Drawing Straight lines
 Finally I used $y=mx+c$.
Filling in triangles

Drawing a lot of lines together, makes it look like a filled in solid.

But very inefficient.

Barycentric coordinates are superb to test whether a point is inside or outside a triangle.

Bounding boxes are like the rough draft we draw before drawing the actual shape.

After drawing bounding box, we can quickly test for each point.

For some reason, this is quicker than the line technique.
Hidden face removal.
 No need to draw faces that will be hidden:
 Efficiency.
 Sometimes, by mistake, we might draw the hidden face over the actual face (depending on the order of faces in the file).
 So we need a way to determine if the said face (well pixel actually) is gonna be visible over the others.
 It’s hard to determine per faces, because some faces might overlap at multiple places.
 So F1 might be above F2 for (x, y) and below F2 for some other (x1, y1).
 That’s where zbuffers come in. Think of it like a topological projection of the figure onto a plane.
 We check our current pixel against the zbuffer, to check if it’s the forwardmost pixel for the gives x, y coordinate.
 Related to painter’s algorithm.
Texture mapping
 Idk why it’s called texture, I just did colors.
 We have two files now:
.obj
and an image file that is the texture map for the object.  For each pixel in the model, we have a corresponding pixel in the texture image that tells us what the color of that pixel in the model should be.
 Calculating this stuff was painful (I should revisit).
Homogenous Coordinates
https://chat.openai.com/share/9979a3dc13d143dcbd5f4fada2be6c48
 Rotations, shears, scaling are linear tf so they won’t move the origin.
 For translation, we append another transformation after performing our lin tf.
 This looks ugly and doesn’t let us compose all transformations into a single matrix, so we need a way to represent nonlin tf as matrices.
 That’s where Homogeneous Coordinates come in.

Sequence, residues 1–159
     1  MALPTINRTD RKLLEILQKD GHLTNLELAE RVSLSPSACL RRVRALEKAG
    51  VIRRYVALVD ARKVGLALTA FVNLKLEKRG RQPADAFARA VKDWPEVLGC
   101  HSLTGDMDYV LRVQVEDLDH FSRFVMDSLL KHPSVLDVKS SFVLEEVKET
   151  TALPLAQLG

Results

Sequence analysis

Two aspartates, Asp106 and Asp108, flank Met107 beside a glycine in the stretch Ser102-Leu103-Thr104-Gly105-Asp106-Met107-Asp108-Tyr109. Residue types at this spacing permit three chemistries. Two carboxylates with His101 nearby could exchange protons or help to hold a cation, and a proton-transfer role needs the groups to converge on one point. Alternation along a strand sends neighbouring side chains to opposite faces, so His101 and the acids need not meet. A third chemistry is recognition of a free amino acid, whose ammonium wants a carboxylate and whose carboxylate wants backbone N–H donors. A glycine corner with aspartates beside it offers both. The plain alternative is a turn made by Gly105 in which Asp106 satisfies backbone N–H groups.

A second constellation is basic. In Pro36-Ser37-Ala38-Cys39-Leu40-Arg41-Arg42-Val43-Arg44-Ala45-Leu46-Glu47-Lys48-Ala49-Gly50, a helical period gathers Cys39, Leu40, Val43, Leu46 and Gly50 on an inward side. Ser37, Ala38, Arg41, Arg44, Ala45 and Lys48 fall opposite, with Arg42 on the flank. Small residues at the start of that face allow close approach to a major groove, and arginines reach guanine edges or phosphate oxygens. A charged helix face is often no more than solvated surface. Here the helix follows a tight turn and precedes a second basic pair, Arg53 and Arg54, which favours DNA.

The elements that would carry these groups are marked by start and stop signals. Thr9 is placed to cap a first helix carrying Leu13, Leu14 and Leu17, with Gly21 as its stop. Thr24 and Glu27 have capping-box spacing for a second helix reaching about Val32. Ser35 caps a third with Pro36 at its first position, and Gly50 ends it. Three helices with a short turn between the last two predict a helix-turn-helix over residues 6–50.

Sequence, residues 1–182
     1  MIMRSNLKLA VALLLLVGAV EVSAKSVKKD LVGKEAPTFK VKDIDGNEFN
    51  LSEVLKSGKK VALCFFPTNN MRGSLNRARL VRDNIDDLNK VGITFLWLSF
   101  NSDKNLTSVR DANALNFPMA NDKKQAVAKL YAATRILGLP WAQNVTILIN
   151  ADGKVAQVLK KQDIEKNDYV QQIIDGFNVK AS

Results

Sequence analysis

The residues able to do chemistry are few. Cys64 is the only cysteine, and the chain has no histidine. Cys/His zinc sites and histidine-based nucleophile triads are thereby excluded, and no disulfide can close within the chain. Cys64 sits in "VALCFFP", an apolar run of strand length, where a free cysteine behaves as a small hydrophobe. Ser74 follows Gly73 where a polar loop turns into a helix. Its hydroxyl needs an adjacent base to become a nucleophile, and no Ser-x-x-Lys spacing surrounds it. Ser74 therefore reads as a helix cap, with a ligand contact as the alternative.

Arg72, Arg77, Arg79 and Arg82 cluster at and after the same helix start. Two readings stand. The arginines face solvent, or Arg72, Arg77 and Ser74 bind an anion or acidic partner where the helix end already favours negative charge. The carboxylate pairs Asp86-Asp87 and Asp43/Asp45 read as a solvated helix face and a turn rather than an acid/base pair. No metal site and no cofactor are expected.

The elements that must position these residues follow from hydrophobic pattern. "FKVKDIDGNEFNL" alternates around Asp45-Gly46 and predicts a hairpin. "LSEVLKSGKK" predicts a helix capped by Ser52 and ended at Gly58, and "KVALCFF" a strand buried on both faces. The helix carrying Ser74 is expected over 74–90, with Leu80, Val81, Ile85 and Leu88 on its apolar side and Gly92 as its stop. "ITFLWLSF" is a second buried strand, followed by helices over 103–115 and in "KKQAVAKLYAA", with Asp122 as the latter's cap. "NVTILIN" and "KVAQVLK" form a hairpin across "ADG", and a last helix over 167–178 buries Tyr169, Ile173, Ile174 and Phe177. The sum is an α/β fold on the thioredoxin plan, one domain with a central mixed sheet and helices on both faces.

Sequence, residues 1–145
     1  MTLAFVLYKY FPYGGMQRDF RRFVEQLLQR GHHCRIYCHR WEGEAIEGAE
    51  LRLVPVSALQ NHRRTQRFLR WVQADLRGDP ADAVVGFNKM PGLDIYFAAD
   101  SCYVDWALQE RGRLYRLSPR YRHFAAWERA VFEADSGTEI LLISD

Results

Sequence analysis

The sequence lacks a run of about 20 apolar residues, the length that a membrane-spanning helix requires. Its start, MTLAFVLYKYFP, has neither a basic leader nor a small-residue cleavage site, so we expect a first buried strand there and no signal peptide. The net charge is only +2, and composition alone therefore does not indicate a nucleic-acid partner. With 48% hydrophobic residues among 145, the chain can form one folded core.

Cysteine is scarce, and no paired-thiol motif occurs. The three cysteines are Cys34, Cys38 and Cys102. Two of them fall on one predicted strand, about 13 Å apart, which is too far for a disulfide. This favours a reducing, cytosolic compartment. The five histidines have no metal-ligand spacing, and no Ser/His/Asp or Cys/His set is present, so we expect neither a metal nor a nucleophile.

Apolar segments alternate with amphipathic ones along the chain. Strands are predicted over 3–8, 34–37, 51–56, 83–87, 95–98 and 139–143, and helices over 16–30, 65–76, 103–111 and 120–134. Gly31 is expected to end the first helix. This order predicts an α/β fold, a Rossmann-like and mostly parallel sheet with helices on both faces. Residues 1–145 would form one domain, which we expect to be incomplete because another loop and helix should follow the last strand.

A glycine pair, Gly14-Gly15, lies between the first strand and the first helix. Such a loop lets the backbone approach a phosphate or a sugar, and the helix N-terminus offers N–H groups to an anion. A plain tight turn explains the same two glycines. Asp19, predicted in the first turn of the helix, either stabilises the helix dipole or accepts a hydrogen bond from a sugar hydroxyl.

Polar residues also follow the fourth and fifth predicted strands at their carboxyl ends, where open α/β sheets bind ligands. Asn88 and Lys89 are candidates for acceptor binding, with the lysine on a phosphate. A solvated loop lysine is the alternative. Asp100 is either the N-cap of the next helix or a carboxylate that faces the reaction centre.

https://en.wikipedia.org/wiki/Translation_(geometry)#Matrix_representation
 To translate by vector $v$, we add a dimension and create following transformation matrix:
 This means our 2D plane is the $z=1$ plane inside a 3D space.
 So we do a linear transformation in 3D and then project the result back onto our 2D plane.
 Projecting 3D onto 2D is done by dividing the components by z.

We embed 2D into 3D by putting it inside the plane z = 1.

To project from 3D to 2D, we draw a straight line between the origin and the point to project and then we find its intersection with the plane z = 1.

The intersection point is the projection of that point onto 2D.

What about division by zero?

The projection basically projects (x, y, z) in the direction of (x, y) but onto z = 1. If the z is very small, the point basically gets projected in the direction of (x, y), but intersects z = 1 at a point infinitely far away.

So the thing is basically a vector pointing in (x, y).

If the camera is at a point (0, 0, c), then the transformation matrix becomes this:
ModelView matrix

This matrix is used to transform vertices of 3D objects into the camera’s view space.

Multiplying a vertex with this matrix will bring it into view as seen from the perspective from the specified “eye” position.

This is cuz the renderer itself has no concept of camera. But we can simulate one by transforming the scene in the opposite direction giving the illusion that the scene is being view from a different point.

The matrix is an inverse matrix (Minv) cuz the transformation is gonna transform the “scene in the opposite direction”.

Read up on change of basis. We can figure out a formula for calculating (x’, y’, z’) of the object w.r.t the alternate basis.
Shaders
The part that calculates lighting, color and stuff for a scene.
Vertex shader:

Transfroms scene using ModelView and other matrices.

Calculates the varying values (
varying_intensity
) at each vertex. Fragment shader: 
Calculates color and lighting conditions for each pixel by extrapolating from the varying values.

Data returned from the fragment shader is passed into the rasterizer which actually sets the color of the pixel.